Widow and widower find love, but not marriage
Five years ago, I published a book titled, How 50 Couples Found Love After 50. The purpose of the book was to show how 100 singles age 50-plus found love after 50, and to give hope to older singles that finding love later in life is possible, and to never give up looking.
The couples featured in the book are from all over the USA and Canada. Some of them I had met before, but most I had not.
One of the couples, Marcia and Russ, live in Sacramento, California. Last week, they stopped by Tutor and Spunky’s, my Dana Point deli, to introduce themselves. Both were widowed after 34 years of marriage.
Marcia, now 65, said, “I am a facilitator for a grief recovery group for widowed persons called Widowed Persons Association of California (WPAC). There are chapters all over California. We are not a dating service but a grief recovery group that has many activities for widowed people.
“I met Russ, now 72, while facilitating a workshop. We live together, but have chosen not to remarry. Instead, we had a commitment ceremony. We have two signed legal documents: one a co-habitation agreement and the other a medical-care agreement.”
When I asked how she introduces Russ, Marcia said, “I tell people that Russ is ‘the husband of my heart.’”
Russ said, “We have been together for six glorious years. We get along great and have traveled extensively, including trips to South America, China, New Zealand and Australia.”
Marcia said, “When we are not traveling, we are involved in our community. We love to bowl and play pool, and we attend Renaissance Society classes sponsored by Sacramento State University. We are on campus with the younger students, who seem to enjoy having a bunch of gray-haired freshmen mingling with them.”
Russ smiled and added, “We just went to a Woodstock revival party, which brought out many seniors from that generation. We just keep having fun, that’s what matters to us.”
Marcia said, “Widowed people that had happy marriages are wonderful companions, but they did not choose to be single. Even though Russ and I suffered through long and devastating illness of our spouses, we still had and have the history. The children, grandchildren and who we are, is permanent. Our ex-in-laws are very happy for us. I love his wife because she trained him well and he has no bitterness.”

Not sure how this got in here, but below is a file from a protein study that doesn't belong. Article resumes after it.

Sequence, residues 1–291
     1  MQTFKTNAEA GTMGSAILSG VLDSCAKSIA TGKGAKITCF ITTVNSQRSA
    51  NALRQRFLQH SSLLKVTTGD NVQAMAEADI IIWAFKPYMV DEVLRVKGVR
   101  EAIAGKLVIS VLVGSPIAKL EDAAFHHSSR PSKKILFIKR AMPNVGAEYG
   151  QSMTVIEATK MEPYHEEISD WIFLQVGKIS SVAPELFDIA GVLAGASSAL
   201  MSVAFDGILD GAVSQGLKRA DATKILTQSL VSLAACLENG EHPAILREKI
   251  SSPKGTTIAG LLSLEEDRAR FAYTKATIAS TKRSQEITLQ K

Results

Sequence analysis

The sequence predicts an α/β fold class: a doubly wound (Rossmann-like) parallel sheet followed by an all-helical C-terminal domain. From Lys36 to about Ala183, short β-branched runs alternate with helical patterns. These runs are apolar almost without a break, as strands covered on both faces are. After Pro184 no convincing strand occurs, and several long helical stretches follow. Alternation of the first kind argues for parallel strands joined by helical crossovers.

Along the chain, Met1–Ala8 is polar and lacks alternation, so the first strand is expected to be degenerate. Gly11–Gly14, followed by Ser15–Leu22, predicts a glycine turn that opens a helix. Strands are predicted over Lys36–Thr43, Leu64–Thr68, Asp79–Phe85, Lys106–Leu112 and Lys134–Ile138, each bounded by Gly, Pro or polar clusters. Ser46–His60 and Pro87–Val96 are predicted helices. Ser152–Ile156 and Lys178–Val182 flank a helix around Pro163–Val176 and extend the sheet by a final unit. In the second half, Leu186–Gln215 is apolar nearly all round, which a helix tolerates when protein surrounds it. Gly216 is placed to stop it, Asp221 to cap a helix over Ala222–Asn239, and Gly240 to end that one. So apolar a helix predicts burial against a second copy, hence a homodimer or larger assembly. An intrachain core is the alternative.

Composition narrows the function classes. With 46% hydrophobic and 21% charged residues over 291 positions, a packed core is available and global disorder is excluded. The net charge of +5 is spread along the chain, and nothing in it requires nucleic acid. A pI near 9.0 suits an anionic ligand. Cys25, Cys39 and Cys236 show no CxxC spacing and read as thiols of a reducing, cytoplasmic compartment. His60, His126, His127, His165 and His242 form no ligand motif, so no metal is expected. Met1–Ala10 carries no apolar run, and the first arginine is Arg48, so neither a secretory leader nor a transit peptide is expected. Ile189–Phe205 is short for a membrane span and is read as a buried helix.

Russ chimed in, “I love her husband because Marcia carries no baggage. We are creating our own history now, but at our ages we see that it is different than it was with our mates who fell in love with us in our 20’s and shaped who we are.”
In the book, Marcia is quoted: “I constantly hear from divorced women who date widowers and want them to get rid of the remnants of their marriages. These women should not date widowers, they are too insecure. I see many widowed couples, both widowed, who are very happy together in this phase of life but for many reasons cannot marry. I am very happy and lucky to have met a companion who likes to do the same things I do and thanks to his wife, is a low-maintenance male.
“We are having a ball and just enjoying each other.”
Tom’s comment: Marcia and Russ are embracing life in a beautiful way. Their relationship is an inspiration to older singles. They met because they were willing to get out and mingle with people who had had experiences similar to their experiences.
How 50 Couples Found Love After 50 can be ordered as a hard cover book or E-book at Amazon.com. For an autographed copy, email me at firstname.lastname@example.org. I will personalize a book for you. Cost will be $10.95, which includes the cost of priority mail shipping.